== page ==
A Dictionary of Neuropsychology by Diana M. Goodwin (auth.)

By Diana M. Goodwin (auth.)

Show description

Read or Download A Dictionary of Neuropsychology PDF

Similar neuropsychology books

Literacy and Augmentative and Alternative Communication

The hot calls for of this "computer and know-how age" have concentrated overseas awareness on literacy degrees, on literacy improvement and literacy issues. Governments have introduced courses to lessen literacy problems and aid practical literacy for all. during this context, the wishes of people with critical speech and actual impairments could appear really small, or even unimportant.

Higher-Order Theories of Consciousness: An Anthology (Advances in Consciousness Research)

Higher-Order (HO) theories of recognition have in universal the concept what makes a psychological country wide awake is that it's the item of a few type of higher-order illustration. This quantity offers fourteen formerly unpublished essays either protecting and criticizing this method of the matter of recognition.

Brain Development and Cognition: A Reader, Second Edition

The 1st version of this winning reader introduced jointly key readings within the sector of developmental cognitive neuroscience for college kids. Now up-to-date so one can stay alongside of this fast-paced box, the quantity comprises new readings illustrating contemporary advancements in addition to up to date types of prior contributions.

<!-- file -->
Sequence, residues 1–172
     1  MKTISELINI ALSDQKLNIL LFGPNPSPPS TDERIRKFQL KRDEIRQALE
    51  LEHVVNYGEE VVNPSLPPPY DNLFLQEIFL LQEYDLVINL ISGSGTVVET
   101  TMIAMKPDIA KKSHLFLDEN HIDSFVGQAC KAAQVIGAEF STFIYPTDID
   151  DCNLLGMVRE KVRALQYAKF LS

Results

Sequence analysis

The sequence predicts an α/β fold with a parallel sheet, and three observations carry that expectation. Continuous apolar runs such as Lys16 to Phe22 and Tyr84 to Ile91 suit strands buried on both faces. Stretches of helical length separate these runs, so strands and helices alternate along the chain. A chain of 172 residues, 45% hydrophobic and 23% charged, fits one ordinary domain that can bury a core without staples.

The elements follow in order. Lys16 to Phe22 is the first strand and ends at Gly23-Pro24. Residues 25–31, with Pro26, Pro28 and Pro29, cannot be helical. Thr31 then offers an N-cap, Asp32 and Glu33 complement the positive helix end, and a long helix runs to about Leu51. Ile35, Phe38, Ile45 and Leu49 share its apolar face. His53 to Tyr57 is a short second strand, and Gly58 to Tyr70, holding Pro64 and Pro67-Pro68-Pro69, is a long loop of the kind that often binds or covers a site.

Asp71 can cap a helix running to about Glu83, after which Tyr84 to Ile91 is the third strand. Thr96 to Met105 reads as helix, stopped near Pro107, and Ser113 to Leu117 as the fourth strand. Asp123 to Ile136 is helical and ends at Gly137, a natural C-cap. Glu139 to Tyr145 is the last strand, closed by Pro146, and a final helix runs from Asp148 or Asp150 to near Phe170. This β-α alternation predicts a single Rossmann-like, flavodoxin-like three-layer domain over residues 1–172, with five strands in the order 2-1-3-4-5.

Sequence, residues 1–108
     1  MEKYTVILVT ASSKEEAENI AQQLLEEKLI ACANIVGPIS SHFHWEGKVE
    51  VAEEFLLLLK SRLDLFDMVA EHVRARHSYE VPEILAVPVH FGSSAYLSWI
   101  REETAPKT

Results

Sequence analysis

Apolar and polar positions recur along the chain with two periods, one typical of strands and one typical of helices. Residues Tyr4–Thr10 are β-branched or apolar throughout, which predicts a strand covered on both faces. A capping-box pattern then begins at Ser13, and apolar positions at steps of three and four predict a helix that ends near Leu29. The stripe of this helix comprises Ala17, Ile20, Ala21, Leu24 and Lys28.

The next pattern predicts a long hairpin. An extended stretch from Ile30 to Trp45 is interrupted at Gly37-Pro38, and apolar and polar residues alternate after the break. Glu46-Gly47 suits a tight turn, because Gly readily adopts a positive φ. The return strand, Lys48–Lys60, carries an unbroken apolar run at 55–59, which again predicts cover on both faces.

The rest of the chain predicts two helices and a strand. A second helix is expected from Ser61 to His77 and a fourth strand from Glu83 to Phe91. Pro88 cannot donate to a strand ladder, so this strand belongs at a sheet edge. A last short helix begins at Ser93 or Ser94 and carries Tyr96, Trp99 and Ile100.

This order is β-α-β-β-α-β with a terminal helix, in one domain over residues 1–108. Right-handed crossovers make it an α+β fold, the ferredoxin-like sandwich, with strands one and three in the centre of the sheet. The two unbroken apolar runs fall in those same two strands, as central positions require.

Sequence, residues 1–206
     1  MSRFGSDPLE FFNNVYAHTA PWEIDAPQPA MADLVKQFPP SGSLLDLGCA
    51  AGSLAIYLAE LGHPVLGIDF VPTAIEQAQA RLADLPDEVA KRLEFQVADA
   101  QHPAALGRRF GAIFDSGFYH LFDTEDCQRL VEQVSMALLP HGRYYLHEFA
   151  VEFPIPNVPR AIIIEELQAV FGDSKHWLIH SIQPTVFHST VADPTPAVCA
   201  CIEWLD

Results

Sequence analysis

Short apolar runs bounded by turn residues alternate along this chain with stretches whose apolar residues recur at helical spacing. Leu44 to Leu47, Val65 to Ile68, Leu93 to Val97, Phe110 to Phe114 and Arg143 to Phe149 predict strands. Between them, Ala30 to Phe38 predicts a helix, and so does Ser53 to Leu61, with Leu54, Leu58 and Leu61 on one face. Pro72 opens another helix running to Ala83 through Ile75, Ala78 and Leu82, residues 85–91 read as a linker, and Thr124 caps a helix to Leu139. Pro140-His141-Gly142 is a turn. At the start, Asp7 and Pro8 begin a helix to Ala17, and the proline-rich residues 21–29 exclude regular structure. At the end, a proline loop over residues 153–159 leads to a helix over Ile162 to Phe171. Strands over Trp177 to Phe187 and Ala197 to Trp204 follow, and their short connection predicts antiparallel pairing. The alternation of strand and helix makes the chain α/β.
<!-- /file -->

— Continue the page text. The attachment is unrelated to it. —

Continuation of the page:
Mind, brain, and schizophrenia

Over the past twenty years, molecular genetics and mind imaging have guided efforts to discover the reasons of schizophrenia. it really is changing into more and more transparent that many genes are curious about schizophrenia and they have interaction with different elements in very complicated methods, that have no longer but been elucidated.

Additional info for A Dictionary of Neuropsychology

Sample text

BRODMANN'S AREAS 21 & 38 lesions: amygdala; personality and affective changes. BRODMANN'S AREAS 21, 37, & 38: middle temporal gyrus. 45 c BRODMANN'S AREA 22: superior temporal gyrus; lesion may cause auditory illusions. BRODMANN'S AREAS 22 & 42 lesions: thought to be the cause of agnosia for sounds including amusia. BRODMANN'S AREA 38: anterior temporal lobe. BRODMANN'S AREA 39: angular gyrus. BRODMANN'S AREA 39 lesion: dyslexia, deficits in reading because letters no longer form meaningful words (defect ofperception); see also Gerstmann's syndrome.

AUDITORYINATI'ENTION: patients with lateralized lesions involving the temporal lobe or central auditory pathways tend to ignore auditory signals entering the ear opposite the side of the lesions; a simple method for testing auditory inattention can be performed without special equipment by an examiner standing behind the patient so that he can deliver stimulation to each ear simultaneously or randomly, varying single and simultaneous stimuli; dichotic listening tests may be used (Kimura, 1961, 1967; Walsh, 1978).

ASSOCIATE LEARNING SUBTEST (WMS): test of verbal learning; paired word-learning task; tests recall of well-learned verbal associations and retention of new, unfamiliar verbal material; a test which may be used to expose malingering. (Gronwall, quoted in Lezak, 1983). ASSOCIATION AREAS: overlapping zones of the cortex which are involved in integration and refinement of raw percepts or simple motor responses emanating from the primary projection zones; located peripherally to functional centers where the neuronal components of two or more different functions are interspersed; lesions produce a pattern of deficits running through related functions or as an impairment of a general capacity; lesions do not produce specific sensory or motor defects.

Download PDF sample

Rated 4.70 of 5 – based on 37 votes